Canadian, May 24, 1842–June 21, 1910
"Illustration was the field in which Henry Sandham excelled. He was a keen observer and the depictions of the lands he knew at first hand – Canada, California, Haiti, the Azores – were among his best." Dictionary of Canadian Biography

Henry Sandham was born in Montreal in 1842. His father was a house painter by trade in the Griffintown neighbourhood of Montreal. Henry began to show great interest in art at an early age. By 1856, he had begun working in William Notman’s photography studio and by 1860, he was the assistant to William Notman’s partner, John Arthur Fraser, head of the studio art department. As there was no art school in Montreal at that time, Sandham acquired his training in drawing, watercolours and oil painting while on the job. He later developed his skill in human figure drawing by studying anatomy with a physician.


When Fraser left in 1868 to open the Toronto branch of Notman & Fraser, Sandham took his place as head of the art department. During the 1870s, he refined the technique of producing large composite photographs that the Notman studio are widely known for. Sandham was awarded a silver medal at the 1878 Exposition Universelle in Paris for a large scale, three-hundred-person group photo of the McGill Snow Shoe Club. He became partners with Notman in 1877 and the studio was renamed Notman & Sandham. This partnership lasted until 1882.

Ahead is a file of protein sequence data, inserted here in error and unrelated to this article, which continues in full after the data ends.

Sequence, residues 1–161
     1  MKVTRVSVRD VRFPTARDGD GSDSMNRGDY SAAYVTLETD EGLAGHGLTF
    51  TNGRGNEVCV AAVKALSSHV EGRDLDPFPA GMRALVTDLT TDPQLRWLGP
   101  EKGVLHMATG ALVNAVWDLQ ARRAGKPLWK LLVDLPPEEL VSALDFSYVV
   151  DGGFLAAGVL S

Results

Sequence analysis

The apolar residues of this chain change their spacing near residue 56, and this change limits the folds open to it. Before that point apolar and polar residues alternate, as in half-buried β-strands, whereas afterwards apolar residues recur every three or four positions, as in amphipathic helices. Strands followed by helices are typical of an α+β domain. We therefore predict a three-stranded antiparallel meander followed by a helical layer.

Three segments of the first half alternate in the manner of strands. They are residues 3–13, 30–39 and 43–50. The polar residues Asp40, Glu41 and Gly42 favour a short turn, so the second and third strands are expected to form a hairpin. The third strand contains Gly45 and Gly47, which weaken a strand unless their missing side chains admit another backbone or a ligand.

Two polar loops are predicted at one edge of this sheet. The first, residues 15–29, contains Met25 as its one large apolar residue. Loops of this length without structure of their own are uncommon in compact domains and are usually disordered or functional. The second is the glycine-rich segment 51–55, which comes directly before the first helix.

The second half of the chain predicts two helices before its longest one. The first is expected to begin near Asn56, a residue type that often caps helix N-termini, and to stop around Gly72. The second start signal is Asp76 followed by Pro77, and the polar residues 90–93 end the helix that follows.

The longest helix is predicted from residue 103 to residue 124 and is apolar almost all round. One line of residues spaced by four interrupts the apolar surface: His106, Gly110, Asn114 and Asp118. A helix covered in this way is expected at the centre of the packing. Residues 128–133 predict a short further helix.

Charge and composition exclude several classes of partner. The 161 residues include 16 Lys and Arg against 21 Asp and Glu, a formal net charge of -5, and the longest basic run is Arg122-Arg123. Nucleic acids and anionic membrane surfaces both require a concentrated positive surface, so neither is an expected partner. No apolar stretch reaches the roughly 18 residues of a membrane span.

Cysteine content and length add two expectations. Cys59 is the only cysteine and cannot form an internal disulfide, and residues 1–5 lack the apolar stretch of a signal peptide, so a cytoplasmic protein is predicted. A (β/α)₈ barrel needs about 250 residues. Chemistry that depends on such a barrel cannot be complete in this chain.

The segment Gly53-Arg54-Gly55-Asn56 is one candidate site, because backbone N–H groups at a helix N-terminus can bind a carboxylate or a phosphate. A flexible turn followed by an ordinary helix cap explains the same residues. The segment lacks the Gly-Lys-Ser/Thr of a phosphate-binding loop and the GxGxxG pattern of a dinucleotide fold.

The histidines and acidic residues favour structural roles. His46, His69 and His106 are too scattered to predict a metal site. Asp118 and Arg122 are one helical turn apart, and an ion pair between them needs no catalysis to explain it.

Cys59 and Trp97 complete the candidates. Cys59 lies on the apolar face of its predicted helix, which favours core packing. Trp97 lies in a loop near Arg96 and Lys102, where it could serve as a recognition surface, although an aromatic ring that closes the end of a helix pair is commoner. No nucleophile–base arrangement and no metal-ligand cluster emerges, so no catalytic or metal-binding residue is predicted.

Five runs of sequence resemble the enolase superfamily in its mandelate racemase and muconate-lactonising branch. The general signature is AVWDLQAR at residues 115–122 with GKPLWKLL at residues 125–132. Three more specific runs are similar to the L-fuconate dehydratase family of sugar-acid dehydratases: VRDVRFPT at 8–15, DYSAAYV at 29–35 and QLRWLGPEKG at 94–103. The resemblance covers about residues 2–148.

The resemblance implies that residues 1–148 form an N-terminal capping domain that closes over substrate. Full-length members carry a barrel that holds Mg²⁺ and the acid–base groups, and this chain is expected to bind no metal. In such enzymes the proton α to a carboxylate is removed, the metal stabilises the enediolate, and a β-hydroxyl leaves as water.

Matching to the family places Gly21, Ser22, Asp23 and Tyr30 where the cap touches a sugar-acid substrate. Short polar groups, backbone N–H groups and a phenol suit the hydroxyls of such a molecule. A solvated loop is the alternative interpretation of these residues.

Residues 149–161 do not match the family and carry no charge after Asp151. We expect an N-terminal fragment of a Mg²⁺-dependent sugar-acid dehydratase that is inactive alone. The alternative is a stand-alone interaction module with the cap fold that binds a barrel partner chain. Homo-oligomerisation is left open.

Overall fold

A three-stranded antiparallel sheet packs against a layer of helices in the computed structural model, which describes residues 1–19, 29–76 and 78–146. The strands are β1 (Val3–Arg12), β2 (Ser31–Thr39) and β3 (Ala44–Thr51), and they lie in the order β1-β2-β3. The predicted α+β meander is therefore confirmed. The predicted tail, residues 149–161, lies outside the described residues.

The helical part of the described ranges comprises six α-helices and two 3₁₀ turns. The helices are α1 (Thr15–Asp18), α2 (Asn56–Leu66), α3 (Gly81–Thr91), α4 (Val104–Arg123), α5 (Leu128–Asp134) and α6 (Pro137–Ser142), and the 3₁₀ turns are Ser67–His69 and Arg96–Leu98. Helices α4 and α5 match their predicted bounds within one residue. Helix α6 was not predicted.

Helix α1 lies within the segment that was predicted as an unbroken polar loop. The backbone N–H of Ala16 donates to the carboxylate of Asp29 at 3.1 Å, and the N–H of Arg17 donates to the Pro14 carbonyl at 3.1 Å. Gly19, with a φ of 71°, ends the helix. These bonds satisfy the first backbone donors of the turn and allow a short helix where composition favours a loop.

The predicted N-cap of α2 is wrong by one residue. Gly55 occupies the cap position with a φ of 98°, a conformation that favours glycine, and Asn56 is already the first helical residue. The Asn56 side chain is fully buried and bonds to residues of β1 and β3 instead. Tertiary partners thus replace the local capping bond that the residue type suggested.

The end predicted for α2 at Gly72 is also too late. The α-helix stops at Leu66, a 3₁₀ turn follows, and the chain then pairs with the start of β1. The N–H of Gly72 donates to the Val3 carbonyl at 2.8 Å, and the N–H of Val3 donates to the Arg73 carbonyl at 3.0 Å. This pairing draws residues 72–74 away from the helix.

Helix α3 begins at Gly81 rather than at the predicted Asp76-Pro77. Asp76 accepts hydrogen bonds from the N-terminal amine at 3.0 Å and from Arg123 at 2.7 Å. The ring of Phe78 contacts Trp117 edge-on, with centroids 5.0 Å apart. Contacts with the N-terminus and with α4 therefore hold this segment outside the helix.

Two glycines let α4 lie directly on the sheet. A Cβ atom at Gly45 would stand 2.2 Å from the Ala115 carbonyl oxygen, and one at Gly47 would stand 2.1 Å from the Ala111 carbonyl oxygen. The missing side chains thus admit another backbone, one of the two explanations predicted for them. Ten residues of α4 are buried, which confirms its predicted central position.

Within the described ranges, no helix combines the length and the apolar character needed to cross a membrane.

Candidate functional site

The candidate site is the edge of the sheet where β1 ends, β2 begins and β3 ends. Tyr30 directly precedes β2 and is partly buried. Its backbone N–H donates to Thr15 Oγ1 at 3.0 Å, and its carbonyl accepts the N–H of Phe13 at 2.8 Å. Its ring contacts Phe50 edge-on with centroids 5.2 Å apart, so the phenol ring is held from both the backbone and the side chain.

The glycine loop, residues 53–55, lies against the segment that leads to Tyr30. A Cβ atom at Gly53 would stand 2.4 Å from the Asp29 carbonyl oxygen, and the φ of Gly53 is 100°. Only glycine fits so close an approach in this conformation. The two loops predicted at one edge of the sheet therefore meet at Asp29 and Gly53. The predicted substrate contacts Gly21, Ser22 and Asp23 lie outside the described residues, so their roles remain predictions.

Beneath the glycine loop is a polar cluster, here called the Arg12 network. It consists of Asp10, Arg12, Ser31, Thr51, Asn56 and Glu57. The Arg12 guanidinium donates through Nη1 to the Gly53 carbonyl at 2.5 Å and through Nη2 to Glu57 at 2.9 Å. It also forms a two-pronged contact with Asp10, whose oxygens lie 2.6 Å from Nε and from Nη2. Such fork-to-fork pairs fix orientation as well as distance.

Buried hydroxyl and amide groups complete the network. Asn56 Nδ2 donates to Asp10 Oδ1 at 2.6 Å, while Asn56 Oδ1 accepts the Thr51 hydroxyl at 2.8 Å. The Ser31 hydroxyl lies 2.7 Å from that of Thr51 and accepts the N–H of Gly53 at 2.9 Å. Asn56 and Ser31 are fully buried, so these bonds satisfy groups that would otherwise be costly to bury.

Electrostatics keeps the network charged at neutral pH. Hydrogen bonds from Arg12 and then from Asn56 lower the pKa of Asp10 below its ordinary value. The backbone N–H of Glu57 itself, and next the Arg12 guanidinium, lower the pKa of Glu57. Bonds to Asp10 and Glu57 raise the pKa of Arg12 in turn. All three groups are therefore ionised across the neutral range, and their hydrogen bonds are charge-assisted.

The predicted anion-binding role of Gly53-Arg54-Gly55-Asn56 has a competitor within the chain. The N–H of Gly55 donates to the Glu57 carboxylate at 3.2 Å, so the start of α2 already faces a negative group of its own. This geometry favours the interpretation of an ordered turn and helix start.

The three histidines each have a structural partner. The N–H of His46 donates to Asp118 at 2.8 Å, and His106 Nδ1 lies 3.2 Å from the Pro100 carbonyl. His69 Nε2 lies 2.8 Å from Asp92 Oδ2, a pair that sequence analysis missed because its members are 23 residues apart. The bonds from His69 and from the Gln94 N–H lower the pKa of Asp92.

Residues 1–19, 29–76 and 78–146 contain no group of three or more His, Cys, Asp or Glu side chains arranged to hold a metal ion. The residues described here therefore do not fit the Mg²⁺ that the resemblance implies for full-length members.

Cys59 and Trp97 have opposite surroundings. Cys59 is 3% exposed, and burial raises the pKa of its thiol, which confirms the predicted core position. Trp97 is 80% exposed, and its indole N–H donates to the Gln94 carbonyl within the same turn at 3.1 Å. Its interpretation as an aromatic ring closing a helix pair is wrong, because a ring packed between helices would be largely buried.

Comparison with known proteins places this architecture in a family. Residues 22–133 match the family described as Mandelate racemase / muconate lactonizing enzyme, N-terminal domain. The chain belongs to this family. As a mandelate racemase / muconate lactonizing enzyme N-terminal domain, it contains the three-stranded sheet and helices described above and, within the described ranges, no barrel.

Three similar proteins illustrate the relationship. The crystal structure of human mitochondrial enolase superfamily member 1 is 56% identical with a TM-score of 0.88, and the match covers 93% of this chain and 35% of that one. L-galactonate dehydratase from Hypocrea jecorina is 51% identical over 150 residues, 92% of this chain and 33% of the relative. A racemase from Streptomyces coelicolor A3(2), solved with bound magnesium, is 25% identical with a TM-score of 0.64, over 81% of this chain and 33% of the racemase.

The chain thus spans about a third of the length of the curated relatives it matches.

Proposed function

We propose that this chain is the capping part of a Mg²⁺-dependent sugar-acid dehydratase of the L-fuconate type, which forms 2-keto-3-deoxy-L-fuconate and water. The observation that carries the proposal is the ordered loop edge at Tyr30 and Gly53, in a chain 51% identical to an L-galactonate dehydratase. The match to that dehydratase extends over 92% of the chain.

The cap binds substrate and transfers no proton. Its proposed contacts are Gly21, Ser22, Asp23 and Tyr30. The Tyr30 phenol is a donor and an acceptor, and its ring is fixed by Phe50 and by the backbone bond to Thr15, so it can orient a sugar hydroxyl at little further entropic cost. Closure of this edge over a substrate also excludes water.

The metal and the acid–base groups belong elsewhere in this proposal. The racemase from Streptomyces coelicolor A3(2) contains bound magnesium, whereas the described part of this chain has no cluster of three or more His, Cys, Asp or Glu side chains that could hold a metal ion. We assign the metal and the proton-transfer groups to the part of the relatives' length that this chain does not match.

Sandham began creating illustrations for Scribner’s Monthly in 1877. The illustrations and series-drawings that he created over this three year period eventually led to be named a charter member of the Royal Canadian Academy of Arts.



Sandham and his wife, Agnes Fraser, toured England and France in 1880. At the end of that year they also visited Boston, Massachusetts, on account of some portrait commissions. They enjoyed their visit so much so that they decided to stay for nearly twenty years. It was during this time that Sandham focused primarily on his art and less on business. He produced portraits, historical paintings and illustrations. His work was exhibited regularly at the Boston Art Club, American Watercolor Society of New York as well as at the World's Columbian Exposition, 1893, Cotton States and International Exposition, 1895, and Tennessee Centennial and International Exposition, 1897.


Sandham moved to London, England in 1901 to further his career. His work was exhibited at the Royal Academy of Arts from 1905 to 1908. Agnes Fraser died in 1906, and Sandham in 1910. He is buried in Kensal Green Cemetery in London.

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